The fusiform face area (FFA) is a part of the human visual system which might be specialized for facial recognition, although there is some evidence that it also processes categorical information about other objects, particularly familiar ones.

Good news! That horrible feeling when you cannot, for the life of you, recognise that person enthusiastically greeting you like a long-lost friend, actually has a name – Prosopagnosia – or face-blindness. More than that, it’s a fairly common thing.

Up to 2% of the US population – that’s 6 million people – can’t quite recognise their husbands, children, wives, teachers and colleagues, but this strange impediment isn’t even a household name.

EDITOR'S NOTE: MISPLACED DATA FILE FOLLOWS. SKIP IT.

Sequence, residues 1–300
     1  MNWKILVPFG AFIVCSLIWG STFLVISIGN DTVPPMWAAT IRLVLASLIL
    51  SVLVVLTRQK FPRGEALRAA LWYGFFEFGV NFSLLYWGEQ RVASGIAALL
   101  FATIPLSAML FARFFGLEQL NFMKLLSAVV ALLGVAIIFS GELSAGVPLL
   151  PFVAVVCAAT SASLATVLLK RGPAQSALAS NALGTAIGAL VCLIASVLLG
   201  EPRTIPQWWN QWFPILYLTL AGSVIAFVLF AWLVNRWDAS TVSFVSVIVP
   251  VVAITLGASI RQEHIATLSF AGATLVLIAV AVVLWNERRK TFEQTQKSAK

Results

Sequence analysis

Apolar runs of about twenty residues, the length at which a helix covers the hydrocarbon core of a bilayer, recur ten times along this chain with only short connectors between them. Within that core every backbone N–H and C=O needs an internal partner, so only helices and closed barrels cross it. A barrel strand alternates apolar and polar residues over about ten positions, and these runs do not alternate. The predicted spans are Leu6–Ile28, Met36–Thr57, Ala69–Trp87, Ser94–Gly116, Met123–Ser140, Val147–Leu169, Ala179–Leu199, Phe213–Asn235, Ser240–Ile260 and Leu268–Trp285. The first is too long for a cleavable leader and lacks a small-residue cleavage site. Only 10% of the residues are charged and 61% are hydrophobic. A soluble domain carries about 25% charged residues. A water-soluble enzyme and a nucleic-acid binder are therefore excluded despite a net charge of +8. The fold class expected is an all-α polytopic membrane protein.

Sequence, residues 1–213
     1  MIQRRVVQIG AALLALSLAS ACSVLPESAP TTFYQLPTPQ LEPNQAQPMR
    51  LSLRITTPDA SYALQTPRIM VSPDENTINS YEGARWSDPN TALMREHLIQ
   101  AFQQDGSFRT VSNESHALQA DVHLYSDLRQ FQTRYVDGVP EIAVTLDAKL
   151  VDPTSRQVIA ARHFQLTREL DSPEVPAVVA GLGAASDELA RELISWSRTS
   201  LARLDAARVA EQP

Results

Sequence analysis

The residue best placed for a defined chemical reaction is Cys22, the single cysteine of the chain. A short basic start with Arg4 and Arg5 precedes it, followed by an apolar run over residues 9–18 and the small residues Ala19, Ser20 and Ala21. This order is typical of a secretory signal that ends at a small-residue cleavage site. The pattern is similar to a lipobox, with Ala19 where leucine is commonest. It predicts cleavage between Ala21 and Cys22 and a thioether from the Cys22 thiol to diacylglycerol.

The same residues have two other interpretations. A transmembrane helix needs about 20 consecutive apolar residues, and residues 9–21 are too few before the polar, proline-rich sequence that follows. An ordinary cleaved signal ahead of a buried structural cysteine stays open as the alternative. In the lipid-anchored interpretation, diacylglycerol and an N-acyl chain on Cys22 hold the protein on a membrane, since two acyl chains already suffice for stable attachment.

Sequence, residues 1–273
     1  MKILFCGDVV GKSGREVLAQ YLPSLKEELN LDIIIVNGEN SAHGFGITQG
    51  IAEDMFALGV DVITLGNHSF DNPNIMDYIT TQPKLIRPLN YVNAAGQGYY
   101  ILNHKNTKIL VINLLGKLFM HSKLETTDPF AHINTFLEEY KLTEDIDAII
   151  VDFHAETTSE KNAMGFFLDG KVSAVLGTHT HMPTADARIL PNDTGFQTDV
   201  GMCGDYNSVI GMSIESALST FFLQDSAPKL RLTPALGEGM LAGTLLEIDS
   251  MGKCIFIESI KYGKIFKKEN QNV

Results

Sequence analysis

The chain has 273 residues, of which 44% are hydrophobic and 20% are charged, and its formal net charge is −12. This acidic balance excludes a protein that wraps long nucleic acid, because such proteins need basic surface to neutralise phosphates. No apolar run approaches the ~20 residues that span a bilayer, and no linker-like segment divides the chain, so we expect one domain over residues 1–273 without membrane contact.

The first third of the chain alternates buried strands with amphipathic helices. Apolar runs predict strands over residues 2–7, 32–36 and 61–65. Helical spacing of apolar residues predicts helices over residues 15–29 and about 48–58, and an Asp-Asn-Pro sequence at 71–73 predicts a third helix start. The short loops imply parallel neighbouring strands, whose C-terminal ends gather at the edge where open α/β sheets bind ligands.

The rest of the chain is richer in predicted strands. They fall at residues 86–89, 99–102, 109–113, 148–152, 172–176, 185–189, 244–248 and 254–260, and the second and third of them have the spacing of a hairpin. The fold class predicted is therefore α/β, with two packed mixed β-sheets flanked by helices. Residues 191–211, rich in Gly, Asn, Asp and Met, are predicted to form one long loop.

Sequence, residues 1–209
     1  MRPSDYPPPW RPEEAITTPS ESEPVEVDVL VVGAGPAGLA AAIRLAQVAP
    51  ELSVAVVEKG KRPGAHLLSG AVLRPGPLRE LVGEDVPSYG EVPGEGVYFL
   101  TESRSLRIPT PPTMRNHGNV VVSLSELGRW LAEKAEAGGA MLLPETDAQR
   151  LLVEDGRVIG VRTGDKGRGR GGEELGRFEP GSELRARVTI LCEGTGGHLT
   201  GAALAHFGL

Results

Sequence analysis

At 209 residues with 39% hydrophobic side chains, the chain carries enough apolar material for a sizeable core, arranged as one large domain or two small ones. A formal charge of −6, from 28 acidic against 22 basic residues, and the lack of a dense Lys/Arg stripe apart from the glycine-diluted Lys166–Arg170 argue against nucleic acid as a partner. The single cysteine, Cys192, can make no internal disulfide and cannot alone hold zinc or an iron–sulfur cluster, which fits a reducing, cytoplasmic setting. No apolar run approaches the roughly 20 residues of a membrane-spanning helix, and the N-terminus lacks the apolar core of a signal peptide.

Recognition depends on knowledge; familiarity  is based on feeling, and thus has an entirely different neural base including the amygdala and hippocampi which store memory and emotion.

Prosopagnosia comes in the form of the “hyper-familiar”  – people who greet strangers at the bus stop enthusiastically feeling them know them, while also realising they don’t quite know where they know them from, if they know them at all.

The opposite is type Capgras syndrom, definitely the sadder of the two, where someone recognises a face but has no emotional memory of them – thus the Capgras patient will argue that the person (eg their daughter or son) cannot be the real thing – they must be imposters or counterfeits.

According to case studies, Prosopagnosia seems hereditary.

But with practice, the brain can be trained to remember people’s faces highlighting the plasticity of neural circuits adapting to create new memories… so there is hope for all those yet who can’t remember people’s faces!

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